Nepal revives its tourism sector thanks to the participation of women

In order to revive the hard-hit tourism sector, the Nepalese government has started offering vocational training to locals in the tourism sector. The tourism and hospitality industry in Nepal continues to face shortages with the majority of employees leaving the sector during the pandemic.

Many tour guides and service personnel have changed professions or left the country in search of employment.

In 2020, Nepal expected to double the number of tourists visiting the country from over 1 million in 2019. But 2020 brought disaster, COVID-19 which affected the lives of millions of people.

As a result, tourist arrivals in 2021 were lower by almost 34.3% and tourism sector revenues also fell by almost 46% compared to the previous year.

The Nepal Tourism Board (NTB), in collaboration with the United Nations Development Program (UNDP), has launched the Sustainable Tourism for Livelihood Restoration Project (STLRP). The project aims to bring relief, especially to laborers and laborers in the tourism sector.

A total of US$2.05 million – $1 million from NTB and $1.05 million from UNDP in the project.

Through this project, the Nepalese government is now trying to revive the tourism sector by increasing the participation of women as men are absent for long periods to work abroad, mainly as migrant workers.

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There is a pronounced gender imbalance in the tourism sector in Nepal. For many years, men dominated the tourism sector.

“We are facing a shortage of skilled labour. During the pandemic, many people migrated from Kathmandu or tourist areas to their villages and started new occupations. Thus, NTB focuses on training different people to serve different parts of the industries,” NTB CEO Dhananjaya Regmi told WION.

“We realized that the training provided to women will be more sustainable because they will live in the villages while the male family members seek new occupations. Thus, providing training to women will also help ensure their sustainability. Our goal is to empower women,” he added.

WION traveled to Sindhupalchok district in Nepal which is prone to natural disasters like landslides, floods and earthquakes. However, it also receives hundreds of tourists on average mainly for rafting in the Bhote Kosi (river).

The river is considered one of the best short white water rafting trips in the world. It is the steepest river in Nepal, with fast and continuous action making this river totally engaging and a huge adrenaline rush.

The Government of Nepal provided training as rafting guides to 45 women and as trekking guides to nearly 50 women in the district.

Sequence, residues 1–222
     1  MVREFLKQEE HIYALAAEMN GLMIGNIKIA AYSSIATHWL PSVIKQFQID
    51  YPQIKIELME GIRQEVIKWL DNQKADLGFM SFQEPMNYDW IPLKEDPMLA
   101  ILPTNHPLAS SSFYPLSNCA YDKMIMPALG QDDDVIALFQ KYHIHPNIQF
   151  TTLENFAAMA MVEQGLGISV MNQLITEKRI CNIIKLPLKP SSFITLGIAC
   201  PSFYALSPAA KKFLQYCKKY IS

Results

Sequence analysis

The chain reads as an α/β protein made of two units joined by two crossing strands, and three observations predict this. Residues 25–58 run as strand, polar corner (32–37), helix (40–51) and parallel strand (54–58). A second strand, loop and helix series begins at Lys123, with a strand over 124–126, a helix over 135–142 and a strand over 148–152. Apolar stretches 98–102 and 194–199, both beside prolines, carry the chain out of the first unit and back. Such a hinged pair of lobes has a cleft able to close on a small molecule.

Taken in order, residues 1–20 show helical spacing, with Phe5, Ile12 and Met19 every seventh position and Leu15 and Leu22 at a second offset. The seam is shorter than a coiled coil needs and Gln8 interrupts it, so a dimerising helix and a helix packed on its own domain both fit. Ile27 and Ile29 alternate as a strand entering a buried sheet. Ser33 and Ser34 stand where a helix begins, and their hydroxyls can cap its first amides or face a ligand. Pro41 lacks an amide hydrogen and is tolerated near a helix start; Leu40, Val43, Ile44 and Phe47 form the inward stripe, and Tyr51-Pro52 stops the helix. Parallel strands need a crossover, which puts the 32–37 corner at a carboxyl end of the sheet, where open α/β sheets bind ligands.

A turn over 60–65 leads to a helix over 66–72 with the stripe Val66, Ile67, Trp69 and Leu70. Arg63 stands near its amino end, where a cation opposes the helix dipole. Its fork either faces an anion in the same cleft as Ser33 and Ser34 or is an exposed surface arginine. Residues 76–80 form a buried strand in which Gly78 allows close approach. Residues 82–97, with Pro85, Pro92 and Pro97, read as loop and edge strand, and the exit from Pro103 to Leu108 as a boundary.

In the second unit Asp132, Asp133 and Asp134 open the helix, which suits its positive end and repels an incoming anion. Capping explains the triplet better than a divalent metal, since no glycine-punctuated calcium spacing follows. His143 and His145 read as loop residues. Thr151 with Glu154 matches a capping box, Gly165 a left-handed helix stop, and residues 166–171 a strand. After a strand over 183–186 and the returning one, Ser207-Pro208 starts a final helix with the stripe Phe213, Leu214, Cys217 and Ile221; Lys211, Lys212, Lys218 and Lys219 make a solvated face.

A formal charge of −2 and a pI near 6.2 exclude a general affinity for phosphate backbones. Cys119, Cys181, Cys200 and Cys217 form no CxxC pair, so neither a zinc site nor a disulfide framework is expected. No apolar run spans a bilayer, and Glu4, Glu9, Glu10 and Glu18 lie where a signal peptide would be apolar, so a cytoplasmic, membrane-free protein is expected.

The training was organized for the first time only for women in Nepal. This is expected to be a milestone in the development of the nautical tourism workforce. The training is organized with the aim of increasing the attraction of young people and empowering women because the participation of women in nautical tourism is relatively very low.

The training helps women build careers in the tourism sector, which creates jobs.

Deuralee Chamling Rai, a rafting training participant who also climbed Mount Everest in 2018, is awaiting the result of her licensing exam.

“Today I sat for the license exam for rafting guide. A few days I did training. The training was very useful and helped me build my career. I am a adventure lover, which really motivated me to take this rafting course, so once I get my license, it can further my career as a rafting guide.”

Tourism is an important sector of economic development, and this project has contributed to job creation and the expansion of tourist destinations.

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Nepal focuses on economic development and job creation while promoting sustainable tourism.

Due to a lack of skilled labor, the tourist board is also focusing on training in the hospitality industry. Nearly 30 men and women have been trained in hotel management.

During training, workers are trained to run a successful bar and hospitality business, recognize the importance of customer service, and provide superior experiences for customers, especially tourists.

Providing essential restaurant skills and tasks to workers has helped businessmen run hotels.

“During COVID, we faced many problems in terms of workers as many migrated to other countries for jobs when hotels were closed. After the lockdown ended, we faced problems due to a lack This training has helped us get skilled labor for our hotels,” Jyotsana, owner of Mount Princess Hotel in Dhulikhel, Nepal, told WION.

Hundreds of hotels, resorts and tourism related businesses operate in the Himalayan nation. Hundreds have found employment after receiving the training.

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